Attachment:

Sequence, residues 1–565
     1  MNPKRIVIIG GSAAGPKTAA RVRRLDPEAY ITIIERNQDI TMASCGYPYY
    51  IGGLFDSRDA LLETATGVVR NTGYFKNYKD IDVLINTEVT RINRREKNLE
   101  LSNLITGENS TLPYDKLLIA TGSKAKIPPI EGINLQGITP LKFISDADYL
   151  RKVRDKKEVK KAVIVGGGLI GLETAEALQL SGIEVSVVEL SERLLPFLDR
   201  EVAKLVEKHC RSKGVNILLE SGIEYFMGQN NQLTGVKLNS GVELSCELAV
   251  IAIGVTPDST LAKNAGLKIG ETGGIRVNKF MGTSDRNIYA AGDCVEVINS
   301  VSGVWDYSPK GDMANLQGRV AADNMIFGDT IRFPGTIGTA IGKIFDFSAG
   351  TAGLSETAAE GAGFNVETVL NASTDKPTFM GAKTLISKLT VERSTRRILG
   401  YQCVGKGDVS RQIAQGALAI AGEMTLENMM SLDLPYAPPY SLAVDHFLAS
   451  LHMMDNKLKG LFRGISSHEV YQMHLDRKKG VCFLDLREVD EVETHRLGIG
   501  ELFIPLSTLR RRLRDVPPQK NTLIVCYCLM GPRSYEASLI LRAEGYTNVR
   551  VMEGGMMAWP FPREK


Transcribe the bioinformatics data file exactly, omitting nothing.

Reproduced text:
Sequence, residues 1–565
     1  MNPKRIVIIG GSAAGPKTAA RVRRLDPEAY ITIIERNQDI TMASCGYPYY
    51  IGGLFDSRDA LLETATGVVR NTGYFKNYKD IDVLINTEVT RINRREKNLE
   101  LSNLITGENS TLPYDKLLIA TGSKAKIPPI EGINLQGITP LKFISDADYL
   151  RKVRDKKEVK KAVIVGGGLI GLETAEALQL SGIEVSVVEL SERLLPFLDR
   201  EVAKLVEKHC RSKGVNILLE SGIEYFMGQN NQLTGVKLNS GVELSCELAV
   251  IAIGVTPDST LAKNAGLKIG ETGGIRVNKF MGTSDRNIYA AGDCVEVINS
   301  VSGVWDYSPK GDMANLQGRV AADNMIFGDT IRFPGTIGTA IGKIFDFSAG
   351  TAGLSETAAE GAGFNVETVL NASTDKPTFM GAKTLISKLT VERSTRRILG
   401  YQCVGKGDVS RQIAQGALAI AGEMTLENMM SLDLPYAPPY SLAVDHFLAS
   451  LHMMDNKLKG LFRGISSHEV YQMHLDRKKG VCFLDLREVD EVETHRLGIG
   501  ELFIPLSTLR RRLRDVPPQK NTLIVCYCLM GPRSYEASLI LRAEGYTNVR
   551  VMEGGMMAWP FPREK